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Database of Abstracts of Reviews of Effects (DARE): Quality-assessed Reviews [Internet]. York (UK): Centre for Reviews and Dissemination (UK); 1995-.

Database of Abstracts of Reviews of Effects (DARE): Quality-assessed Reviews [Internet].

Bortezomib in combination with thalidomide or lenalidomide or doxorubicin regimens for the treatment of multiple myeloma: a meta-analysis of 14 randomized controlled trials

Review published: 2013.

Bibliographic details: Wang L, Xu YL, Zhang XQ.  Bortezomib in combination with thalidomide or lenalidomide or doxorubicin regimens for the treatment of multiple myeloma: a meta-analysis of 14 randomized controlled trials. Leukemia and Lymphoma 2013: epub. [PubMed: 23998282]

Abstract

The aim of the study was to evaluate the clinical efficacy and safety of bortezomib-based regimens for the treatment of multiple myeloma through meta-analysis. The literature on three classes of bortezomib-based regimens - bortezomib and thalidomide (VT), bortezomib and lenalidomide (VR) and bortezomib and doxorubicin (VD) - was systematically retrieved and analyzed. The initial search yielded 4896 citations, of which 14 randomized controlled trials (RCTs) (a total of 5379 patients enrolled) met the pre-specified inclusion criteria. The results indicated that the VT regimen had an improved benefit in complete remission (CR) and overall response rate (ORR), but not in progression-free survival (PFS), overall survival (OS) and major grade III/IV adverse events such as peripheral neuropathy, thrombotic events and infection. In contrast, the VD regimen had an improved CR with fewer thrombotic events, while PFS, OS, ORR and the other adverse events showed no significant difference. No significant difference was observed in CR, ORR and major grade III/IV adverse events when comparing the VR regimen with bortezomib and cyclophosphamide (VC), but patients receiving VR regimen therapy had obviously longer PFS and OS.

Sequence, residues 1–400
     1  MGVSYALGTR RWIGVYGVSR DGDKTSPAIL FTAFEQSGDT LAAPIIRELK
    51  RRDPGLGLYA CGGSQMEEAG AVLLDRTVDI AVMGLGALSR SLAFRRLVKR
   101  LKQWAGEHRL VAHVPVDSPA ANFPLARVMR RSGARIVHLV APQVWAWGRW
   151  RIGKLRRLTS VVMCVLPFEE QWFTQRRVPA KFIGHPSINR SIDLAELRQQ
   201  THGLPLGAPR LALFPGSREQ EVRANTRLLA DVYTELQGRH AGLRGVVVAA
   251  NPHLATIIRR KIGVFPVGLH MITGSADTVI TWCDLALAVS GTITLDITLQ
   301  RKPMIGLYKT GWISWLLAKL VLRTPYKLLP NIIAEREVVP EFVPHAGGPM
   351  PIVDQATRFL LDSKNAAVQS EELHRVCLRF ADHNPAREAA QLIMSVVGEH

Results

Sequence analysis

CRD has determined that this article meets the DARE scientific quality criteria for a systematic review.

Copyright © 2014 University of York.

PMID: 23998282

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